Trash…there is too much of it in the world. Swirling around in the ocean, blowing around on land, garbage and its management is always something to keep improving. And this is especially important to you and I when we are talking about our beloved Canadian wilderness. As stewards of the lake and land, we need to work to conserve and preserve.
On July 7, 2017, the town of Red Lake’s municipal dump, where Bow Narrows takes its garbage and recyclables, was closed. A few weeks later, it was reopened as a transfer depot. Going forward, the facility started collecting the garbage in large animal-proof dumpsters for a 35-mile transport to Ear Falls. In total, our camp waste travels about 60 miles! The reconfiguration of the transfer facility has in turn made it necessary for us to rethink how our waste in camp is handled since disposal is more difficult.
Over the years, the camp and its guests have made good progress at reducing waste, but given the recent events, the following camp policies need to be punctuated and adhered to. Some of these have been in place for years, but now it is time to tighten our belts and work on these guidelines. Below are containers that are not allowed in camp along with some good alternatives.
Glass Beverage Bottles
In Red Lake, glass is not recyclable and is very heavy. Therefore, no beer or other single-serving glass beverage bottles may be brought into camp. Aluminum cans are the best alternative.
Plastic Bottles/Jugs of Water, Sports Drinks, Pop and other beverages
We have a high-tech water treatment system that employs a membrane filter resulting in high-purity, great-tasting water to drink throughout the camp. It is truly higher-quality drinking water than most have at home and definitely better than anything in a bottle. Plus, no plastic bottle after-taste…ever! So the above-listed plastic bottles cannot be brought into camp. Instead, use insulated, reusable jugs and canteens that can hold enough of our purified water for the day. Powdered lemonade, iced tea,and sports drinks can easily be mixed with water, too.
Unfortunately, styrofoam is not recyclable, falls apart and blows all over the place. Use it only for bulk storage of crawlers, and then off-load them into a small reusable bait container or cooler. If you have less than a half or full flat, avoid all those small styrofoam containers by bringing this cooler into the bait shop. Ask the dealer to dump your crawlers right into it. And another bonus is that the crawlers keep longer this way. Anything larger, such as styrofoam coolers, is not allowed in camp.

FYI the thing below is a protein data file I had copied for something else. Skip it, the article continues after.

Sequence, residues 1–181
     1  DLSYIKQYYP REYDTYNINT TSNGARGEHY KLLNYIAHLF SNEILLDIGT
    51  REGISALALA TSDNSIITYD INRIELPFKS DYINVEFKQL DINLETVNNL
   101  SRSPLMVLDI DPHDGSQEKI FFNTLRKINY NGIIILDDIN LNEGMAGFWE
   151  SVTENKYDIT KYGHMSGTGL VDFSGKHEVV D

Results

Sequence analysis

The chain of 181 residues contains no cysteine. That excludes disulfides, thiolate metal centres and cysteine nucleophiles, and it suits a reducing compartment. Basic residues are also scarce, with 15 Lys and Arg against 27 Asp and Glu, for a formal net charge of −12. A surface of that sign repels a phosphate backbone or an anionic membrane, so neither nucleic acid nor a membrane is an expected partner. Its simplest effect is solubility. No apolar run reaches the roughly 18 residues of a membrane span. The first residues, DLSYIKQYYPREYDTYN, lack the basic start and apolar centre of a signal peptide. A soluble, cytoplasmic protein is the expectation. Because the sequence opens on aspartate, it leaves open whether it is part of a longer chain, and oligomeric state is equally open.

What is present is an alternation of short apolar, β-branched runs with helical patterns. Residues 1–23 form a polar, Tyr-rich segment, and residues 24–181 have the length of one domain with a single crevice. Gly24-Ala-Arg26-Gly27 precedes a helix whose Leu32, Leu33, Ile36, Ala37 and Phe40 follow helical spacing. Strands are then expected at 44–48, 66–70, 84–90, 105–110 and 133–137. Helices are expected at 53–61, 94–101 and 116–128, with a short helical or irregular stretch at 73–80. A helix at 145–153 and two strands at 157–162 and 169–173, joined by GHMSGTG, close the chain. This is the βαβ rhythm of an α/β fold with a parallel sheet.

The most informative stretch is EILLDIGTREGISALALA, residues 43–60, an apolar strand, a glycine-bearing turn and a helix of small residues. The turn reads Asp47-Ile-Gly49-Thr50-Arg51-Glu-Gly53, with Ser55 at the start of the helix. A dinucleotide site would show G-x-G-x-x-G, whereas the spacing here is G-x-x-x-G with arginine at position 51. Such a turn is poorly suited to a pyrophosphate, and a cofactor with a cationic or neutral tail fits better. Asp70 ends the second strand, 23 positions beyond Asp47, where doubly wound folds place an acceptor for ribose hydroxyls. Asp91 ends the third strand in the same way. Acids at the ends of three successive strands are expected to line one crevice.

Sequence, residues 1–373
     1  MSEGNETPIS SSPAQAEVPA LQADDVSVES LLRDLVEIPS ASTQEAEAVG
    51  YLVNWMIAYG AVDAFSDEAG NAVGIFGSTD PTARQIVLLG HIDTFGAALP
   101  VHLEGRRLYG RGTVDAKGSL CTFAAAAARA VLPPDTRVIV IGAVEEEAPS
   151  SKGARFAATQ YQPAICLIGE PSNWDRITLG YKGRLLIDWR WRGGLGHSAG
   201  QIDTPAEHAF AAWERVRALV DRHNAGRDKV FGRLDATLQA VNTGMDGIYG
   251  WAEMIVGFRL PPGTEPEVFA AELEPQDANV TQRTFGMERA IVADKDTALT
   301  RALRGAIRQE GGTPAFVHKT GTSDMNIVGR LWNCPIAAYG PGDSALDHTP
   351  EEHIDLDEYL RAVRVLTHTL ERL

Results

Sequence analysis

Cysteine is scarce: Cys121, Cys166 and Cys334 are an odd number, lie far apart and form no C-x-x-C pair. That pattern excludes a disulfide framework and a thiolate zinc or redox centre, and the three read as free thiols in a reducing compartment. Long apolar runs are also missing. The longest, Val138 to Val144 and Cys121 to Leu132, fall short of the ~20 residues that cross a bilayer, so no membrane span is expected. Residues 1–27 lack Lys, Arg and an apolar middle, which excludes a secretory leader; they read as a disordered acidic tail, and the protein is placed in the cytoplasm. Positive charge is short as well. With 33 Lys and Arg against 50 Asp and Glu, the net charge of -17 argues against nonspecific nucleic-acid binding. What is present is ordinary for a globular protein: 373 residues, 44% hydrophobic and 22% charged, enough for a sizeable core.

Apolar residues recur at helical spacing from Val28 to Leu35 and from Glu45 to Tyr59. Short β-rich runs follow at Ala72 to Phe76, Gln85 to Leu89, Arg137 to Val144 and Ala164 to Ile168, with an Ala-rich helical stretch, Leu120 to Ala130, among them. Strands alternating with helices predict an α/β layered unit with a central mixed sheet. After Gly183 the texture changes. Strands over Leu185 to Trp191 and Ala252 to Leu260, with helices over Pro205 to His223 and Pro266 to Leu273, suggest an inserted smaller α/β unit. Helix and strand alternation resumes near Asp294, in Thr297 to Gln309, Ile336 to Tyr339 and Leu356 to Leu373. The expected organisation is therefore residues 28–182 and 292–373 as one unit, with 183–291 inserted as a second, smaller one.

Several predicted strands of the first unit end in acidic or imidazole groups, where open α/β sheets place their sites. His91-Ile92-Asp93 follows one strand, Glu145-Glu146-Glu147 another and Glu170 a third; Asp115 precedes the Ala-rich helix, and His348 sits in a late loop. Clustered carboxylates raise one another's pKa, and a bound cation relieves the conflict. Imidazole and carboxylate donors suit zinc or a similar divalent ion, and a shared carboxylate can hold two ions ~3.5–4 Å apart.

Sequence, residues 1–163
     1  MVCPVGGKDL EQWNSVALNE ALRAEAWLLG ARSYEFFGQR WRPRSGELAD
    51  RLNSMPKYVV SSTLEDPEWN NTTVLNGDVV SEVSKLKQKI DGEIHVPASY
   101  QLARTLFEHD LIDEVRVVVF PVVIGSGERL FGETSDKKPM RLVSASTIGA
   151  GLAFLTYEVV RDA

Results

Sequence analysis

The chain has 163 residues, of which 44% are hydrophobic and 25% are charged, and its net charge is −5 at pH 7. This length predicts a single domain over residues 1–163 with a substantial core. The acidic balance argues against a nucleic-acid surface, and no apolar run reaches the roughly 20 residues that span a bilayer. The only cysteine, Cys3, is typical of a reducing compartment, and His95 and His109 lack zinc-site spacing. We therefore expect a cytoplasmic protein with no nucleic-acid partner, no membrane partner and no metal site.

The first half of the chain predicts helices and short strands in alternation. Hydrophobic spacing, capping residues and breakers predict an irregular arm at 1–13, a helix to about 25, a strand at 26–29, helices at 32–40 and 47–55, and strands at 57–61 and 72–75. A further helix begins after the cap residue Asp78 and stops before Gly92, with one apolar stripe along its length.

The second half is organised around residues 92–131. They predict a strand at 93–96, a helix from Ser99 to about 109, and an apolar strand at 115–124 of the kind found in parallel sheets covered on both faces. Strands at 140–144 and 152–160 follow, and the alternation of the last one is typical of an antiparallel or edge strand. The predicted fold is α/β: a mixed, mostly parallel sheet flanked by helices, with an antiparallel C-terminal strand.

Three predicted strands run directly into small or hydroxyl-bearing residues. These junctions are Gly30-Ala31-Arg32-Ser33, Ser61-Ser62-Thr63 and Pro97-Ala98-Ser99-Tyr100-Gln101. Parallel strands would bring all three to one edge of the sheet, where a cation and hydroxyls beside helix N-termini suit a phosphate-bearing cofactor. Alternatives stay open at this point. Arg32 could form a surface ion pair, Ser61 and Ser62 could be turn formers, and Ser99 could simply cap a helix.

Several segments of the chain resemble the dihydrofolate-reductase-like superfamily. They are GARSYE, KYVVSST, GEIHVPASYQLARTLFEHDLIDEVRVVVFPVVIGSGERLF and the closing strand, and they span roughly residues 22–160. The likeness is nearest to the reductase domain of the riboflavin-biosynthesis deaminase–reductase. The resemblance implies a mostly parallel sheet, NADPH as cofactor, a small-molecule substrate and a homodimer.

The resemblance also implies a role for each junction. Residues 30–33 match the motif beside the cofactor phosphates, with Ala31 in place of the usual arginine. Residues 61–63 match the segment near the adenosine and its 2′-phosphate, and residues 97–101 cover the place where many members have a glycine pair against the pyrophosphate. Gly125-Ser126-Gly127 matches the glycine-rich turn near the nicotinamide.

The amount of gear and supplies being hauled to and from camp is resulting in increased cycle times during guest change out. More items to load into and out of the Lickety Split means more time per trip and delays for all of our guests. One of the most common comments from our guests is that they didn’t use half the stuff they brought! So take that to heart, and only bring what is necessary for your 6 or 7 night stay.
A lot of food is left at camp which is not only wasteful, but, once again, creates a disposal problem for the camp. Due to health regulations, we cannot use this food in camp. So rather than trying to bring extra food “just in case,” we suggest that you plan your meals/snacks ahead. If it ends up you have a shortage mid-week, we would be more than happy to get things for you on our next trip to town.
Remembering that we are a pristine-wilderness camp and want to keep it that way is #1. As we look for ways to reduce the amount of garbage that we handle, we are at the same time acting as stewards of the lake and land. Furthermore, by respecting our environment and reducing our impact on this beautiful place, we positively impact the experience of every guest that visits Bow Narrows Camp.